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APA Style Guide: About In-text Citations

American Psychological Association rules for formatting papers, in-text citations, and end references. Examples based on the sixth edition of the Publication Manual from the APA. By Alexis Carlson

Types of In-Text Citations

In-text (parenthetical citations) using the name-year system usually contain the author's last name and publication year of the reference.

If authorship is uncertain, use the first word or first few words of the title and the year (p. 176). Titles of an article, chapter, or web page should be given in double quotation marks. Titles of a periodical, book, brochure, or report should be italicized.

Each in-text citation should correspond to a citation in the list of references at the end of the paper.

How to Cite References in Your Text

In the name-year system, in-text references contain the last name of the author(s) and the year of publication of the document. Enclose the name and year in parenthesis. Leave a space between name and year. Place a comma after the author's name.

Example:

The most recent report on the use of experiments shows a correlation between results and participants (Brown, 2006).

OR

Brown's (2006) recent report on the use of experiments shows a correlation between results and participants.

Exceptions to this rule occur when no definitive author or publication date is present. This often occurs when citing websites. When no date is available use the abbreviation n.d. for no date. When no author is available you will use a corporation name, an editor, or a title of the webpage/website/chapter/encyclopedia entry. See in-text examples for a full explanation.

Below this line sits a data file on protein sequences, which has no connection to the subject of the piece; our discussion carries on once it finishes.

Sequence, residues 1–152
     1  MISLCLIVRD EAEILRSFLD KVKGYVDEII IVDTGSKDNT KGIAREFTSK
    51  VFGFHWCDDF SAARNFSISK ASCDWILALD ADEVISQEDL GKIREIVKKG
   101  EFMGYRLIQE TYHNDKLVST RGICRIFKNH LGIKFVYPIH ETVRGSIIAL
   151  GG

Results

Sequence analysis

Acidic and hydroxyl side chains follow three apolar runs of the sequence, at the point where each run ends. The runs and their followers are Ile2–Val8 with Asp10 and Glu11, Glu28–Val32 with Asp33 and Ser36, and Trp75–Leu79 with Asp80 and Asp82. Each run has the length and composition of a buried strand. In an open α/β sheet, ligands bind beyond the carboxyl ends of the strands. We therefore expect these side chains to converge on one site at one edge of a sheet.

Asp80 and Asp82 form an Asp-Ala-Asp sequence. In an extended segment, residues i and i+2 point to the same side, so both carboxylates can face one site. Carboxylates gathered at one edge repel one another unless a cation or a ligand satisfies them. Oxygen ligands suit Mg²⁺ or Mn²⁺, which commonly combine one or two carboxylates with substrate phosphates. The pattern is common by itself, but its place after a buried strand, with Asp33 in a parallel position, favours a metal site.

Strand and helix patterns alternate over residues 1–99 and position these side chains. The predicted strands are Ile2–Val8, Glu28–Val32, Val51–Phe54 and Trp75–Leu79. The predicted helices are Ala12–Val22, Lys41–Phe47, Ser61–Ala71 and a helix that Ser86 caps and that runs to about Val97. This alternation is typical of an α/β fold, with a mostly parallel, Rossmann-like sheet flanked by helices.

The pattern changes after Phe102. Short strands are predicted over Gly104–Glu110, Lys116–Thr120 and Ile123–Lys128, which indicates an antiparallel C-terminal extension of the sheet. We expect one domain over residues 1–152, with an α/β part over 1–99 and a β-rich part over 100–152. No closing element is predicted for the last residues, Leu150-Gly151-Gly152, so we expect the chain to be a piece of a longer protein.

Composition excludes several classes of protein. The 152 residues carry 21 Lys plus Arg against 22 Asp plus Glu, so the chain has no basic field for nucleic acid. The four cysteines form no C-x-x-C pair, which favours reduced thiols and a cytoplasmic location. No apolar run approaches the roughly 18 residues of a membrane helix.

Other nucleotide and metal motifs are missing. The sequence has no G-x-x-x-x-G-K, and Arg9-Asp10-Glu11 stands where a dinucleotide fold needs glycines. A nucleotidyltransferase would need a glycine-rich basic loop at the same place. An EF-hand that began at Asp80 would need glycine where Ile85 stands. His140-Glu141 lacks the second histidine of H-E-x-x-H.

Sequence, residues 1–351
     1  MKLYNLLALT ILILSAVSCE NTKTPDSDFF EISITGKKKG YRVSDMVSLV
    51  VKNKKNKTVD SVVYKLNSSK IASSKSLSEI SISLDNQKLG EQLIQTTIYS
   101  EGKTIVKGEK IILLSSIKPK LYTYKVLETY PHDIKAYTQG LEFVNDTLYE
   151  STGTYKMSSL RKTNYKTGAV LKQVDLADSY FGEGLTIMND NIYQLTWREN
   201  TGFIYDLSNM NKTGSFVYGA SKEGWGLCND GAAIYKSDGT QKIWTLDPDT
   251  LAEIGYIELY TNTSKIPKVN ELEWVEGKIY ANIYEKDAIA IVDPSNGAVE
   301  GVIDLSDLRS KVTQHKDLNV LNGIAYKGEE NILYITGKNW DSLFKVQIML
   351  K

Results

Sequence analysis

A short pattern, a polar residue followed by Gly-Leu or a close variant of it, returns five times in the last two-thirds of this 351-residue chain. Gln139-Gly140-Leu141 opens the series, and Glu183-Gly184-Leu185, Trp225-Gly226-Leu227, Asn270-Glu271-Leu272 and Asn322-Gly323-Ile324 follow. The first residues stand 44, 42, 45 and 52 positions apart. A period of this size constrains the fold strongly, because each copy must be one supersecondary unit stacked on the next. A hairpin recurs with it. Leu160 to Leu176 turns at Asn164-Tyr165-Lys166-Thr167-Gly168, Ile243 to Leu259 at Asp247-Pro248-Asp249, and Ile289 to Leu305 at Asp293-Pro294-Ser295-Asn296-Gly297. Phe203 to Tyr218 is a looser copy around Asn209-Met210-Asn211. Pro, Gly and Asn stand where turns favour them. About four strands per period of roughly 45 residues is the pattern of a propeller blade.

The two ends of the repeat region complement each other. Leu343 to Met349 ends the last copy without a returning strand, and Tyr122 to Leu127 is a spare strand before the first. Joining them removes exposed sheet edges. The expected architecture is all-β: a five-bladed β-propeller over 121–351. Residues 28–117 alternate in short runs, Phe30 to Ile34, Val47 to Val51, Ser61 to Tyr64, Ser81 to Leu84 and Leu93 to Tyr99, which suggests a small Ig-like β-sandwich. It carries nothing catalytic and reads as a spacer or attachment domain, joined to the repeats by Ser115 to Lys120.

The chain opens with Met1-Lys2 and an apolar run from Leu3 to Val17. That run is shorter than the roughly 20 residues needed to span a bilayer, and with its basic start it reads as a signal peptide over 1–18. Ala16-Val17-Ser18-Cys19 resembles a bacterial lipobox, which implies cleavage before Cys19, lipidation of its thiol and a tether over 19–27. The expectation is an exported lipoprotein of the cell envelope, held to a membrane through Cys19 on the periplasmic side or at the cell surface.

Page number(s) can be included to be more precise in you citations. When using a direct quote page numbers are necessary.

Example:

Ness, George, Turner, & Bolgatz (2010) describe social justice "as the process of confronting and dismantling oppressive structures and systems, the process of addressing inequalities of all kinds, and the process of developing recognition of and respect for the values and identities of all cultural groups" (pp. 89-90).

OR

The authors describe social justice "as the process of confronting and dismantling oppressive structures and systems, the process of addressing inequalities of all kinds, and the process of developing recognition of and respect for the values and identities of all cultural groups" (Ness, George, Turner, & Bolgatz, 2010, pp. 89-90).

Exceptions to this rule occur when no definitive author, publication date, or page numbers are present. This often occurs when citing websites. When no date is available use the abbreviation n.d. for no date. When no author is available you will use a corporation name, an editor, or a title of the webpage/website/chapter/encyclopedia entry. When no page numbers are available use a paragraph number abbreviated para. only if the paragraphs are numbered for you. If there is a clear section title you may use this as well. See in-text examples for a full explanation.

Do I Have to Cite EVERYTHING?

In this Guide

In-Text Examples